October 28th, 2012
People had figured out the value of sails very early in human history, but only as an opportunistic way to utilize an advantageous wind. If the wind wasn’t going in the direction they wanted to go, they didn’t bother raising the sail. This severely limited the use of wind power; more important, it meant that every single seagoing vessel required a crew of rowers large enough to move the ship at a respectable speed. This situation prevailed well into the modern era. Seagoing ships were flat-bottomed so that they could be dragged up onto the beach at night. (That was another restriction: without lots of experience about where the rocks were, nobody dared sail at night.)
However, there was still progress in shipbuilding and navigation. Shipbuilders learned how to make larger boats by mastering the techniques of building strong keels. The keel is the backbone of the ship; it runs along the bottom of the ship from front to back. It has be strong because everything else is built on top of the keel. Moreover, it must be able to handle “hogging” – the tendency of a ship encountering high waves to break its back as it traverses the waves. During much of the second millennium BCE, this was accomplished with a “hogging truss”, a pair of heavy ropes tying the stem to the stern. Obviously, hacks like this prevented ships from growing larger.
However, by 1800 BCE, the shipbuilders of Crete had integrated a number of improvements to create a new class of larger, more capable ships. These ships had strong composite keels, a crescent shape that better handled ocean waves, and improved rigging to permit more flexible use of the sails. They were still primarily oar-driven, of course, but they could give the rowers a rest more frequently. Even so, they were still faced with a serious problem. Consider three possible designs for a ship:
The boat on the left is a simple raft with a sail; it will go wherever the wind blows. If the sailor wishes to go in the direction of the green arrow, he’s out of luck; there’s little he can do other than to row frantically in the desired direction. And in fact, the Minoan ships carried several dozen sailors to row the boat in the desired direction. A typical Minoan ship might be 20 meters long, with a cargo capacity of 10 tons. Unfortunately, the 30 sailors that this ship carried, along with their water, bedding, belongings, water, and food, probably weighed about 2 tons, reducing the cargo capacity by 20%.
Consider now the middle ship in the diagram. It has a shallow keel and so it can steer a few degrees off the direction of the wind without toppling over. The wind may push it downward, but the water’s resistance to the keel will push the boat somewhat towards the right. The deep-keeled ship on the right presents even more of an obstacle to the water and can therefore steer even further from the direction of the wind.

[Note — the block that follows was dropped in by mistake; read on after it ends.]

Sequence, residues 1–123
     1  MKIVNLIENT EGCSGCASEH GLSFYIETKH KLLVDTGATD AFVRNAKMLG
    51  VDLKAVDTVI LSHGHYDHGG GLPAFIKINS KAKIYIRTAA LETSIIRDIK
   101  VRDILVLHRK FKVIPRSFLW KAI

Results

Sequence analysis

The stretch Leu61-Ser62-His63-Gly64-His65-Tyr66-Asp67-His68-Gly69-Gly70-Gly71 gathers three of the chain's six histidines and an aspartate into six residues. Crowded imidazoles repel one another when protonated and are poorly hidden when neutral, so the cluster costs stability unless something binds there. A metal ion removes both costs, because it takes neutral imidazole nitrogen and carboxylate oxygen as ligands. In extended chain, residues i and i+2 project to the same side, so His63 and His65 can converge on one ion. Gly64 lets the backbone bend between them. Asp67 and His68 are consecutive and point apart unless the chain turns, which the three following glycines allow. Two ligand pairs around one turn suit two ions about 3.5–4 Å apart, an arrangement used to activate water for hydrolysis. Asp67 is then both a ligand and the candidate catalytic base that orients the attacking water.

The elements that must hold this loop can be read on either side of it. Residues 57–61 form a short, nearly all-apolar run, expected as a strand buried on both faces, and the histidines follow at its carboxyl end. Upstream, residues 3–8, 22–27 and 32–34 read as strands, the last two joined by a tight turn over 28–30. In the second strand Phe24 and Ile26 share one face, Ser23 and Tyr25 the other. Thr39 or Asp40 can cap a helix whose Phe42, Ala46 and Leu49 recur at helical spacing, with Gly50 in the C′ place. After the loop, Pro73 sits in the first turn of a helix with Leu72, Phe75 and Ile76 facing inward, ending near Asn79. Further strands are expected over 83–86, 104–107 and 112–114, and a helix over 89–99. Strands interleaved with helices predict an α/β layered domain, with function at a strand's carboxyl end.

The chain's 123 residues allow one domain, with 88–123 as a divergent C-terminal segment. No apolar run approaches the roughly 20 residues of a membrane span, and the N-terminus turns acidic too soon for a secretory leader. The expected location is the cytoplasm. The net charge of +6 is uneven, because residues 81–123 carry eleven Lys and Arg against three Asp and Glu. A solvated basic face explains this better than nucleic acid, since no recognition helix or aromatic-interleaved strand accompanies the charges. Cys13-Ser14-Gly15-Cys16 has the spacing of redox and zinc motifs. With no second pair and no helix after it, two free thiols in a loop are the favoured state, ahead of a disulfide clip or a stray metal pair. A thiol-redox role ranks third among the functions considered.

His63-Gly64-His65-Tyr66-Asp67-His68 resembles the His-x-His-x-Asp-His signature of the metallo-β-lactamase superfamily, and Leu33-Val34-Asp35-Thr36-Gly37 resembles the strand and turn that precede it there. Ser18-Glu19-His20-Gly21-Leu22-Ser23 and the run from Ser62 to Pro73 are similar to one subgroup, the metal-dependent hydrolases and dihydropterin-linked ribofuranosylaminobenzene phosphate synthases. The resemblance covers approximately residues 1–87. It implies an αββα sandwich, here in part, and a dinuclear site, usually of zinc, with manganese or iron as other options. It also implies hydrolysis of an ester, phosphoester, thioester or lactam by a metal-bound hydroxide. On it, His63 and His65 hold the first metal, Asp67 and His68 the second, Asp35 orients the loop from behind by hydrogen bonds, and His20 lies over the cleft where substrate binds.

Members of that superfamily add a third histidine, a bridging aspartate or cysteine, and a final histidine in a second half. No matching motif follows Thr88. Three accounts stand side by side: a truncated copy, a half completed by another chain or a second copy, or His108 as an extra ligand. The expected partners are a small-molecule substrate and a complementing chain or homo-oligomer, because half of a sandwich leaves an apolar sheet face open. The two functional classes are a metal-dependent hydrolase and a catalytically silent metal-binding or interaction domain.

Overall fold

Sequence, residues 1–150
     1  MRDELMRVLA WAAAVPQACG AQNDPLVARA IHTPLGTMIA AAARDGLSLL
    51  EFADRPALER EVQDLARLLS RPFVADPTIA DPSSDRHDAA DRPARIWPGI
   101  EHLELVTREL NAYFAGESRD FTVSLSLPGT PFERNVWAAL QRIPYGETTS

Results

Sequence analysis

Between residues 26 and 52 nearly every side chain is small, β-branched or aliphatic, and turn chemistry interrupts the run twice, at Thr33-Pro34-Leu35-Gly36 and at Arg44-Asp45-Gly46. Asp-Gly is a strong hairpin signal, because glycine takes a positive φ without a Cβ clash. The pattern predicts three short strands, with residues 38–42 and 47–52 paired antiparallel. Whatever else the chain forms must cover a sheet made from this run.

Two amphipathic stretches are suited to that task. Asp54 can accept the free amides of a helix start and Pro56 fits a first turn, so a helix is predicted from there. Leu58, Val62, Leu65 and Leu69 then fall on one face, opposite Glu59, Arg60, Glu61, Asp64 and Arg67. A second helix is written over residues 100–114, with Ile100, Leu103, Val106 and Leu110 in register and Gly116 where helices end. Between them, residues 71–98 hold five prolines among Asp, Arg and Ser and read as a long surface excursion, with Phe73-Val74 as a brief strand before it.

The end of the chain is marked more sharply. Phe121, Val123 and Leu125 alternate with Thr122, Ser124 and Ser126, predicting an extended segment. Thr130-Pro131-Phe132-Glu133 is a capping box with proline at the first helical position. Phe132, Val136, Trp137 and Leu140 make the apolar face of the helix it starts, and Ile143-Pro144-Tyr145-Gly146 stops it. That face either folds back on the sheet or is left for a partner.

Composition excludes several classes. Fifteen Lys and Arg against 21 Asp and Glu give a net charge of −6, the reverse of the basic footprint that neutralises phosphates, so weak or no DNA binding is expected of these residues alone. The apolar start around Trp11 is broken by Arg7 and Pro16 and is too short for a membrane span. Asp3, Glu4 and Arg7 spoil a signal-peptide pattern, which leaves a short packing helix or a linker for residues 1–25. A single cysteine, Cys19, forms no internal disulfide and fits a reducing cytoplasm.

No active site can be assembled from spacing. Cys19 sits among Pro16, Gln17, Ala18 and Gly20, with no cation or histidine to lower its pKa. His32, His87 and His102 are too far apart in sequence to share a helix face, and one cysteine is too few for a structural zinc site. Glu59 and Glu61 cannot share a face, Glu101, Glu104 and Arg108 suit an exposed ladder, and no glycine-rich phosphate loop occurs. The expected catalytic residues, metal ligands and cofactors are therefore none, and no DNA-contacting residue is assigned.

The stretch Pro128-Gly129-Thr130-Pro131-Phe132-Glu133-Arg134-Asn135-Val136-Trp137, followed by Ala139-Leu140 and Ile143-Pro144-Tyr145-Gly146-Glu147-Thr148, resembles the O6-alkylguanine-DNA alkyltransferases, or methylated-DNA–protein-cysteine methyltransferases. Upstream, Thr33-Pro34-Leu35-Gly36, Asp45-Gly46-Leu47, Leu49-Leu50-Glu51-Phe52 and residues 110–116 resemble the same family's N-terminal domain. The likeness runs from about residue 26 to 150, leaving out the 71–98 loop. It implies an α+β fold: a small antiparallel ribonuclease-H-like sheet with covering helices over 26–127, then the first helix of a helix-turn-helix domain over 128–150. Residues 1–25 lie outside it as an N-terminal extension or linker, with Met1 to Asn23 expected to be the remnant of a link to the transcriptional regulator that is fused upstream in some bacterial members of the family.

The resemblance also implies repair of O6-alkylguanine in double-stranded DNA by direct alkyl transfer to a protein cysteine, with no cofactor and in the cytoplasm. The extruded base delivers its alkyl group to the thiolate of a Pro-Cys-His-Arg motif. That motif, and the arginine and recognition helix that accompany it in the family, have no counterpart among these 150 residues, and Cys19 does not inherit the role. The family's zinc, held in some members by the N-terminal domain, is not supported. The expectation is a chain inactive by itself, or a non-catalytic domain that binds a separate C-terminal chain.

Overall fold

This was the problem for all the Minoan ships. They had shallow keels (so as permit them to drag the boat up on the beach at night) and so were at the mercy of the winds and had to stick close to shore. The journey from Egypt to Crete ran along the eastern coast of the Mediterranean, the southern coast of Turkey, and thence to Crete. It took three months. With those kinds of travel times, and the costs of all those oarsmen, only the most profitable merchandise was worth trading. The Minoans confined their trade to precious luxuries such as amber, dye, gems, and metals.
In those days, there was no distinction between a warship and a merchant ship; a ship was a ship and could be used for either function. The Minoan navy spent some of its resources stamping out piracy, but the rest of the navy, having nothing better to do, engaged in trade. That trade in turn enriched Minos. Few several centuries, Minoan civilization enjoyed a burst of energy and creativity that vaulted it into prominence in world history.
Around 1600 BCE, the volcano on the island now called Santorini erupted with such violence that most of the island simply disappeared. It is estimated that tidal waves a hundred feet high devastated the north coast of Crete, a hundred miles away. Minoan culture went into decline, and was destroyed a few centuries later by Mycenaeans from Greece.
The Minoan economy was the world’s first to enjoy significant benefits from trade. As with England three thousand years later, Minos enjoyed a privileged position due to its dominance of the seas, and it was able to rake in big profits from its trade, profits that pushed its economy into the stratosphere. Minoan seafarers were probably the first in the world to engage in regular blue-water navigation, sailing directly from Crete to Egypt using the favorable northwesterly winds that predominate in that area. To get home, they had to take the slower route by rowing their way up the coast of Palestine, Lebanon, and Syria, then westward along the southern coast of what is now Turkey.
Although trade boosted the Minoan economy, it remained only icing on the economic cake; it didn’t constitute cake itself. The Minoans got richer because of their trade, but their economy was not dependent upon trade. And they were a palace economy, so the greatest benefits of trade (coming from matching supply to demand) were beyond the reach of the Minoans.
Next story: the Bronze Age Collapse